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Conservative group used tweet strategy against Coakley

Wellesley College researchers study ‘Twitter-bombs’

A TWITTER TARGET One tweet attacking the attorney general said: 'Catholics can practice medicine too! Tell AG Coakley today.' A TWITTER TARGET
One tweet attacking the attorney general said: "Catholics can practice medicine too! Tell AG Coakley today."
By Matt Viser
Globe Staff / May 4, 2010

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WASHINGTON — Attorney General Martha Coakley’s record was attacked in television ads, she was criticized during televised debates, and she took heat for apparently not realizing that Curt Schilling was a pitcher for the Boston Red Sox.

Apparently, the unsuccessful Democratic nominee for US Senate was also the subject of a stealth attack via Twitter.

A conservative group in Iowa was behind a viral attack on Coakley during her race against Republican Scott Brown, according to a new paper by Wellesley College researchers that analyzed Twitter activity during the special election.

The authors, Panagiotis Takis Metaxas and Eni Mustafaraj, examined more than 185,000 campaign-related tweets and “retweets’’ during the week leading up to the election.

In the course of the research, they found that one of the more active accounts was that tied to the American Future Fund, a conservative organization based in Des Moines that also ran television ads critical of Coakley. But because messages were done anonymously through a social networking site, it would have been difficult for any voter to tie the messages to the group.

The American Future Fund apparently set up nine accounts that sent 929 tweets over the course of about two hours — a method the study calls “Twitter-bomb.’’

Those messages would have reached about 60,000 people before Twitter realized it was spam and shut it down, according to the authors.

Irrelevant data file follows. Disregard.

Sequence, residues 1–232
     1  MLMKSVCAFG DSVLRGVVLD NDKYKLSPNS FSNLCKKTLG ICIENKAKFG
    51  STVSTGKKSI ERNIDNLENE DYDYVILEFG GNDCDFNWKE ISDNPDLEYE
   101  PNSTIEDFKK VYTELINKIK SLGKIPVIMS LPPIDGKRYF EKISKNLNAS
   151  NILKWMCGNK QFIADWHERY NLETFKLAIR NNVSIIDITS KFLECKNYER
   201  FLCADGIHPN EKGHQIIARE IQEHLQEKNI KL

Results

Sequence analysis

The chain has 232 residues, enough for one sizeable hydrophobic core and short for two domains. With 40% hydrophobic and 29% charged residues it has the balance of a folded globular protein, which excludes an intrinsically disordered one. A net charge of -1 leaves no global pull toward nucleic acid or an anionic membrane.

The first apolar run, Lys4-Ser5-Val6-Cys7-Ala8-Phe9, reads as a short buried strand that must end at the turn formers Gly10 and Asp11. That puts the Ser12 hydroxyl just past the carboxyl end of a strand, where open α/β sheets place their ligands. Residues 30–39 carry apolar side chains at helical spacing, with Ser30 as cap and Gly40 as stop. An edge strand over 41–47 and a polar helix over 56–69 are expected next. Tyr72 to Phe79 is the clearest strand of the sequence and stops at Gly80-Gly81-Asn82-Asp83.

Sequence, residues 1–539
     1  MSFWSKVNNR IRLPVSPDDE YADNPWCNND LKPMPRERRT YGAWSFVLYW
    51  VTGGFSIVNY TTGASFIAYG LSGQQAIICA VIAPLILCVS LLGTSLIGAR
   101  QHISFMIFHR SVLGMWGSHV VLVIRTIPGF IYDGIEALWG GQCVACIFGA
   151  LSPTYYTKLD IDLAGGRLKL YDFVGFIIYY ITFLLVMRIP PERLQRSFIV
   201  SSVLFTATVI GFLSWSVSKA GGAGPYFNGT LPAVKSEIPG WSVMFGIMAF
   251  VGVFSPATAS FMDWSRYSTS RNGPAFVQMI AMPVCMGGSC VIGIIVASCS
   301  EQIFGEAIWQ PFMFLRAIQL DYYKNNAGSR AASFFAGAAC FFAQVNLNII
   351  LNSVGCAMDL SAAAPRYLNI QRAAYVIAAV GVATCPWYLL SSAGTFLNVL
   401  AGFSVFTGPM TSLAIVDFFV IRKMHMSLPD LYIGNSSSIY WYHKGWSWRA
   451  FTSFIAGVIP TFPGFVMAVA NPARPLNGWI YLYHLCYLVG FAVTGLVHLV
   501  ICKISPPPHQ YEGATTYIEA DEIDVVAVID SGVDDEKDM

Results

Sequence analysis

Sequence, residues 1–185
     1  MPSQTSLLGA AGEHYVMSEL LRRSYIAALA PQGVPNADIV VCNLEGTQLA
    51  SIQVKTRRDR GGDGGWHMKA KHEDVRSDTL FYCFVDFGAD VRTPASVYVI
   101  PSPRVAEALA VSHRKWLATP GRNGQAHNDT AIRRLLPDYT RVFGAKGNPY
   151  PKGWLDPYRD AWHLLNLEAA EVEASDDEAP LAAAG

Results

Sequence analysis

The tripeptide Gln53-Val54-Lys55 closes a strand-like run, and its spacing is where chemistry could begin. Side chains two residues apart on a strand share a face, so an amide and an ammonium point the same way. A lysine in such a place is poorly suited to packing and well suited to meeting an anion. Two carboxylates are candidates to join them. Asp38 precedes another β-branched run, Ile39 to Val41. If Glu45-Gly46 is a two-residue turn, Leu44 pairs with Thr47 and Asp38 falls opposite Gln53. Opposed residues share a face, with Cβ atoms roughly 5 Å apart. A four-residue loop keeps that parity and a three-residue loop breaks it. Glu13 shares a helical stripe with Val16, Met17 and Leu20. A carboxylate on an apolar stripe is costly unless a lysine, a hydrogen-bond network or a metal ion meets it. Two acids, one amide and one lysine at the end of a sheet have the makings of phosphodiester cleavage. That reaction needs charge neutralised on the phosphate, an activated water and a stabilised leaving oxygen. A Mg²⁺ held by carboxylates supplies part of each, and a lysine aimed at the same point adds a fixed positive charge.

“It was a very cheap way of reaching about 60,000 people with limited resources and a limited amount of time,’’ Metaxas, associate professor of computer science at Wellesley College, said yesterday in an interview. “We’re going to see a lot more in the next election. I believe everybody will aggressively do everything they can with the social network.’’

The messages contained links to a website — coakleysaidit.com — as well as references to comments Coakley made about Catholics working in emergency rooms who object to providing emergency contraceptives for rape victims.

“AG Coakley thinks Catholics shouldn’t be in the ER, take action now!’’ read one message. “Catholics can practice medicine too! Tell AG Coakley today,’’ read another.

The messages referred to a debate over legislation that Brown had filed that would have allowed employees of Catholic hospital to refuse emergency contraceptives for rape victims if it conflicted with their religious beliefs.

The American Future Fund also took out a 30-second spot during the special election criticizing Coakley for her stance on taxes.

The ad was made by Larry McCarthy, who worked for Governor Mitt Romney’s 2008 presidential campaign and produced the 1988 “Willie Horton’’ ad that damaged Michael Dukakis’s presidential campaign that year.

Another consultant for the group, Ben Ginsberg, advised the Swift Boat Veterans for Truth group that hampered John F. Kerry’s presidential run in 2004. Ginsberg told the Globe in January that he was no longer affiliated with American Future Fund.

Because the organization is registered as a 501(c)(4) nonprofit, it does not have to reveal its contributors. A spokesman for the organization did not return messages yesterday seeking comment.

Matt Viser can be reached at maviser@globe.com.